music & the magic of fashion
Tory Burch and Narciso Rodriguez cast a spell with moody fashion & "can't get itout of my head" music
NEW YORK — Fashion always reflects the times. So with the uncertainty in the economy, the popularity of The Hunger Games and interest in paranormal activity, many fall collections shown during Meredes-Benz Fashion Week were a little dark and unsettled. "It used to be happy endings. Now it's all about the dark side," Roseanne Morrison, fashion director at The Doneger Group, explained to me before one show.
Ever perennially sunny Tory Burch seemed a little moody. She based her fall collection on a prim girl who is obsessed with a bad boyfriend. "She's innocent, unaware of her own sex appeal," Burch wrote in the program notes. Influenced by the 2000 Hong Kong movie, In the Mood for Love, in which neighbors each suspect their spouses of being unfaithful, Burch created a collection that is polished and proper, but with subversive undertones.
Influenced by the 2000 Hong Kong movie, In the Mood for Love, in which neighbors each suspect their spouses of being unfaithful, Burch created a collection that is polished and proper, but with subversive undertones.
To evoke the mood, the designer, a big music fan, selected the hypnotic song, "Under Your Spell," by Desire. (It was featured in the movie Drive.) Models walked down the runway to the words, "I don't eat, I don't sleep, I do nothing but think of you. You keep me under your spell."
Burch has quickly built a worldwide brand by offering stylish clothing well below designer prices. Her latest collection rachets up the level of sophistication and sensuality, with snugger silhouettes and a mix of fabrics like tulle and leather.
Yet it still includes plenty of saleable separates, including cardigans trimmed with pearls (very Chanel), tweed blazers with fringe detail, sweaters trimmed in tulle appliques, crinkled leather coats, patent skirts and handpainted plaids with sequin detail.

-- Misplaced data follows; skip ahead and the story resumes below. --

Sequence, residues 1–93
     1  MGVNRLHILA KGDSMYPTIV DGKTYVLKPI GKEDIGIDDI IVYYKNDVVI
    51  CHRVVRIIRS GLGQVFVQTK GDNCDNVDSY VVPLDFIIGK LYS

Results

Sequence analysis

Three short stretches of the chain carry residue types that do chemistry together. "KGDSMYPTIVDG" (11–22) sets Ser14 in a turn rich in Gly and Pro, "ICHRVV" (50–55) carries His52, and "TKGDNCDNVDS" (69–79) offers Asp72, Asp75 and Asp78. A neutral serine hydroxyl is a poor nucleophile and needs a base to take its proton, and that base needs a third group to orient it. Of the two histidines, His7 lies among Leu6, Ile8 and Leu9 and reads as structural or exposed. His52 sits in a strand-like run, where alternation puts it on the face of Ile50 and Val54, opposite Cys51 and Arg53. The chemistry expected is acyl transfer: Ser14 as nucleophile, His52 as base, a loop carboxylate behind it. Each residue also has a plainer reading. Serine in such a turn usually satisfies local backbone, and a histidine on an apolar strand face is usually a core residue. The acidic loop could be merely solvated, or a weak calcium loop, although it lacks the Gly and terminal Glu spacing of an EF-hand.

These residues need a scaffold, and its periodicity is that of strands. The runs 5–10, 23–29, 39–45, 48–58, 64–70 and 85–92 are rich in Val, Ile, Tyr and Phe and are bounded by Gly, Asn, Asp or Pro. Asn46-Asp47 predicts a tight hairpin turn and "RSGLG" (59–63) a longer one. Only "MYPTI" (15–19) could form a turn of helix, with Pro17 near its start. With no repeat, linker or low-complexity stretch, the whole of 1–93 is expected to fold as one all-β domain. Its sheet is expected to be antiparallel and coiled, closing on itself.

A variety of handbags, which range in styles from boxy with a chain link strap to embellished clutches, and shoes (T-strap and spectator pumps) gave each look a polished touch.
It was only Burch's second full-scale runway show and when I caught up with her that night at the Narcisco Rodriguez show, she seemed exhausted by the rigors of putting it together. Later, on her website, she listed the numbers involved in creating the runway show. It entailed:
Racks of clothes: 10
Pairs of shoes: 500
Trips to fabric stores: 75
Sequins sewn by hand: 3,500
Hours to create custom hand-painted Gracie wallpaper: 1,200
Stores called for Fogal tights: 40
Pre-show food deliveries: 21
Boxes of Girl Scout cookies consumed: 12 (surprisingly, less than we expected)
Rather than get some rest, Burch and her boyfriend, record producer Lyor Cohen, sat in the front row of the Rodriguez show, alongside Gloria Estefan and Claire Danes. Burch and Rodriguez are close friends even though their design sensibilities couldn't be more different. In nearly 10 years of watching Rodriguez's shows, I don't recall ever seeing anything embellished. His designs are so pure and deceptively simple that it was surprising when several outfits in the fall collection were marked with T-shape fabric that looked a bit like flying birds.
Rodriguez's designs are so pure and deceptively simple that it was surprising when several outfits in the fall collection were marked with T-shape fabric that looked a bit like flying birds.
This collection is also populated with eye-assaulting colors of deep orange, chartreuse and wine in colorblock patterns as well as black and shades of gray. Eyecatching dresses in angular patterns and bell-shaped coats showcase Rodriguez's unique design style.